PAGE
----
The U.S. housing market has become more nuanced over the past several months, depending on the region. Some parts of the country are trending closer to balance, while some are moving deeper into a seller’s market. Take a look below at the Local Lowdown for in-depth coverage of your area. As always, we will continue to monitor the housing and economic markets to best guide you in buying or selling your home.


Big Story Data

The Local Lowdown

Quick Take:

Note: You can find the charts/graphs for the Local Lowdown at the end of this section.


What about price growth?!

This time of year, prices tend to stagnate or decline slightly, which is exactly the case in Southern California. The median single-family home and condo prices declined month-over-month with the exception of Riverside County, which had a modest increase in August. Since the spring, home prices have contracted by a statistically normal amount. These price movements aren’t unexpected, as we are returning to more typical seasonal trends of price growth in the first half of the year and slight contraction in the second half. This is, of course, in conjunction with rising mortgage rates. Although the current average 30-year mortgage rate of 5.66% is still historically low, the hyper-low rates we experienced in 2020 and 2021 allowed many more buyers to enter the market. We saw firsthand what happens when demand booms in an already undersupplied market: Home prices skyrocketed. When we link the price increases and seasonal trends with the 2.5% increase in 30-year mortgage rates, which increase the monthly mortgage payment by about 35%, we get a better picture of why sales have slowed and prices declined.

Sales increased in August, but remain low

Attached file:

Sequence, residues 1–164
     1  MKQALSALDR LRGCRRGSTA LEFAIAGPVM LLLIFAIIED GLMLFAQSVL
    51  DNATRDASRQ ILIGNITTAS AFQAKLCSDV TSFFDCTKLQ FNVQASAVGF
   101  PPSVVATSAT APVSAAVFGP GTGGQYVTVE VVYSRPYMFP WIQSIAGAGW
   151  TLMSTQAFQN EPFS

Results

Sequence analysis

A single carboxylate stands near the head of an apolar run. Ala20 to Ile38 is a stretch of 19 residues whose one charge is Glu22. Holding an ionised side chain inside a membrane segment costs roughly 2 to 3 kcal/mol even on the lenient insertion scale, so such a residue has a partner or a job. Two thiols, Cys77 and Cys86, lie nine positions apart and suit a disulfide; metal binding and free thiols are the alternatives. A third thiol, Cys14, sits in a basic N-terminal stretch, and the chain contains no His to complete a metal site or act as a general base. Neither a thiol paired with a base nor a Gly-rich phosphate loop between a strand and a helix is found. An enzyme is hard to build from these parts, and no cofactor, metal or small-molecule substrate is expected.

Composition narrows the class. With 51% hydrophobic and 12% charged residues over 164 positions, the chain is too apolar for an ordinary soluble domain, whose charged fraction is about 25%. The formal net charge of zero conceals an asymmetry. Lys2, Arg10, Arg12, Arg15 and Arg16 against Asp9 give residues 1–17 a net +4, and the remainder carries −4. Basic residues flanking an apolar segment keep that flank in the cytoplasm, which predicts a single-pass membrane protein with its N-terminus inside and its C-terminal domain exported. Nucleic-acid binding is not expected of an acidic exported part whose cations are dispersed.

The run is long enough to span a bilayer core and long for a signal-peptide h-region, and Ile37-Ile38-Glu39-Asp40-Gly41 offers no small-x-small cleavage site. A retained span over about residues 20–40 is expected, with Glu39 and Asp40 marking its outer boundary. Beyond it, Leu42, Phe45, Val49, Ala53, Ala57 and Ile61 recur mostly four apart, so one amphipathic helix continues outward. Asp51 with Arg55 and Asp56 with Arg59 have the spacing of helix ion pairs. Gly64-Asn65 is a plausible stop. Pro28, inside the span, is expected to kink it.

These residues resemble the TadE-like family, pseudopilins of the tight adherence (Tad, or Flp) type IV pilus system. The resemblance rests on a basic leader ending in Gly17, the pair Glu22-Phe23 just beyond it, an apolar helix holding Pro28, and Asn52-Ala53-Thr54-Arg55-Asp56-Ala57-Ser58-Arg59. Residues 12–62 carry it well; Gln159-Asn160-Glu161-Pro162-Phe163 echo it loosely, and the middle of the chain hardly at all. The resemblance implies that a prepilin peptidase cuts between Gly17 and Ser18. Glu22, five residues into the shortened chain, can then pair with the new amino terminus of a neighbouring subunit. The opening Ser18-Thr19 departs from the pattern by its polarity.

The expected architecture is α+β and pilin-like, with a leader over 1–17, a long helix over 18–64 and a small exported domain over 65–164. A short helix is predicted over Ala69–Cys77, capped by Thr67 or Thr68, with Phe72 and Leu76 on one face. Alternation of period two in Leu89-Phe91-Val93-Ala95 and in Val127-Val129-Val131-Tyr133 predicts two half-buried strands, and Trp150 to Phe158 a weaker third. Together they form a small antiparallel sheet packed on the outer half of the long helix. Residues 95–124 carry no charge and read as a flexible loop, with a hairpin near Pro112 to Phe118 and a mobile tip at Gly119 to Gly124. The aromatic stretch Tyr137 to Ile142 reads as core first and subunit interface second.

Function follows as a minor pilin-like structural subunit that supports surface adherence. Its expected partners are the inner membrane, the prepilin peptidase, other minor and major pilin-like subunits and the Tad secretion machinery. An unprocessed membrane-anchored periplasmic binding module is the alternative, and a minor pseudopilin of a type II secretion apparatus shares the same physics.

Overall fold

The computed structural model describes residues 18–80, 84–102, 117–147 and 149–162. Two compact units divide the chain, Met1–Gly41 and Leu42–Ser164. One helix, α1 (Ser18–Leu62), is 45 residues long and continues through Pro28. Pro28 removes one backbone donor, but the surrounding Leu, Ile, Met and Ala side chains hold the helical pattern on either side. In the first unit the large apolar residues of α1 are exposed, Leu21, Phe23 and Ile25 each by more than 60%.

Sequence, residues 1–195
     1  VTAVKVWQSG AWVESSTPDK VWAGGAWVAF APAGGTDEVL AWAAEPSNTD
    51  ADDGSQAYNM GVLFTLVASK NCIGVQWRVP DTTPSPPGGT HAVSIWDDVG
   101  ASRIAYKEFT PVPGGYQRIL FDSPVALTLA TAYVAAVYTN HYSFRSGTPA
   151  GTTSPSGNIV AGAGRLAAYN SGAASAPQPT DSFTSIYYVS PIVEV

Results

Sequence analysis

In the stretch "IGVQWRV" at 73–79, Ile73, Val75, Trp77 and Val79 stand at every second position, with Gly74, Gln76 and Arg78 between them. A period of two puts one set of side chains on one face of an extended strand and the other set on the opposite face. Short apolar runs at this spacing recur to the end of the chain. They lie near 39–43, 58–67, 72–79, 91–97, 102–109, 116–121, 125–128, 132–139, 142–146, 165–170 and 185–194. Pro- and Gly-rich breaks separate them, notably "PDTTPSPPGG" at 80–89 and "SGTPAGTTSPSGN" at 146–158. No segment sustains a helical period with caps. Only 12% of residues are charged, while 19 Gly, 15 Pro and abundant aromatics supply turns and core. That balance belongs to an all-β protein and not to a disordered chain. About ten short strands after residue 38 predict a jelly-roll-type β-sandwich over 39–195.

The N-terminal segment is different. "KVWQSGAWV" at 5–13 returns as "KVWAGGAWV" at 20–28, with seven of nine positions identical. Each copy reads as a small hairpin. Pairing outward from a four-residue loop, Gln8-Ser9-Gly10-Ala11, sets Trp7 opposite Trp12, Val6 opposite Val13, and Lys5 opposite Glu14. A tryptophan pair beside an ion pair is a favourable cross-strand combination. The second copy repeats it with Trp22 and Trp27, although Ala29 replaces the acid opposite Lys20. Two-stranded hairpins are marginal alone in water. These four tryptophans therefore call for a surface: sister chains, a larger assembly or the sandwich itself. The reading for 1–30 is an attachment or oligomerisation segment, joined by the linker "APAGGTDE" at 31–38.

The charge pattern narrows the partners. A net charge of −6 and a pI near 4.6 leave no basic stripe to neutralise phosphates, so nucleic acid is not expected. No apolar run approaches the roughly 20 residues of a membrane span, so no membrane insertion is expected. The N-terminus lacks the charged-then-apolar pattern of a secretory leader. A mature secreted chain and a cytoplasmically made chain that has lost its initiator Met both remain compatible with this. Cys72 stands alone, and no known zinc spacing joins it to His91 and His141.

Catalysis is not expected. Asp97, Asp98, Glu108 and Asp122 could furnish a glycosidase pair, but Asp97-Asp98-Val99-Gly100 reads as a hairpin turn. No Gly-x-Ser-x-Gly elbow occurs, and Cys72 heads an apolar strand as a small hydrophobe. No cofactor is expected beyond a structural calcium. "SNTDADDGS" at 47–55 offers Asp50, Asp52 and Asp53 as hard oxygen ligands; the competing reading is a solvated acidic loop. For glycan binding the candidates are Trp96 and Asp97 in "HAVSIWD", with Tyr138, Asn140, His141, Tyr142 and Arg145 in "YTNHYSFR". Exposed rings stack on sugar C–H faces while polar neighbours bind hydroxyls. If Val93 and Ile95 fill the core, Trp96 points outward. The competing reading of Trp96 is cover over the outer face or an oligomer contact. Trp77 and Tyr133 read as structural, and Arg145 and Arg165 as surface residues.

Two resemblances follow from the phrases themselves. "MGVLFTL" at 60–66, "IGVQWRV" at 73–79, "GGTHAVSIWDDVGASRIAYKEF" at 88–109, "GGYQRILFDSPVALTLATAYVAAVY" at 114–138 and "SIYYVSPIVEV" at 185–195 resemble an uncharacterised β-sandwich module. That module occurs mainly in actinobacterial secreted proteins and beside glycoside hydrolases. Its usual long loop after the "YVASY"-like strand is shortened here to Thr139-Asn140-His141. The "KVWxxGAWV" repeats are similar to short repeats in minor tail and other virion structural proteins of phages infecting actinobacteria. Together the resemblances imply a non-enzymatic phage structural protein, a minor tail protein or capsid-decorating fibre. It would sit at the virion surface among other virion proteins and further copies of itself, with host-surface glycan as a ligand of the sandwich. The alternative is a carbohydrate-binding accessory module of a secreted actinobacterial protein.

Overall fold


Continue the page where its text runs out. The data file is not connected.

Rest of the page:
Single-family home and condo sales increased month-over-month, while new listings declined, dropping inventory for the first time this year. The number of homes for sale has trended lower over the past three years and settled at lower levels, which is likely the new normal for housing inventory in the country. Generally, smaller supply equates to fewer sales. For example, if 500 homes sold last year, but this year, there are only 300 homes for sale on the market, it’s awfully difficult to hit more than 300 sales. There were 25% fewer homes on the market in August 2022 than in August 2020. Although 2022 has had one of the lowest inventories on record, we were pleased to see that inventory is following historical seasonal trends. With the drop in inventory in August, the peak inventory level for 2022 will undoubtedly be one of the lowest on record.
Additionally, the huge number of sales in 2021 implies a sales slowdown in the future, and the future is now. On average, people move about 12 times in their lifetime in the United States, meaning if a million more people than average buy a home one year, there’s a decent chance about a million fewer people will buy a home the next. Homes are generally not something people continuously buy year after year.

Months of Supply Inventory declined, implying a sellers’ market

Months of Supply Inventory (MSI) quantifies the supply/demand relationship by measuring how many months it would take for all current homes listed on the market to sell at the current rate of sales. The long-term average MSI is around three months in California, which indicates a balanced market. An MSI lower than three indicates that there are more buyers than sellers on the market (meaning it’s a sellers’ market), while a higher MSI indicates there are more sellers than buyers (meaning it’s a buyers’ market). In July, single-family home MSI reached three months for the first time since May 2020, which was an anomalous month due to the early days of the pandemic. However, both single-family home and condo MSI fell in August, indicating we are still in a sellers’ market.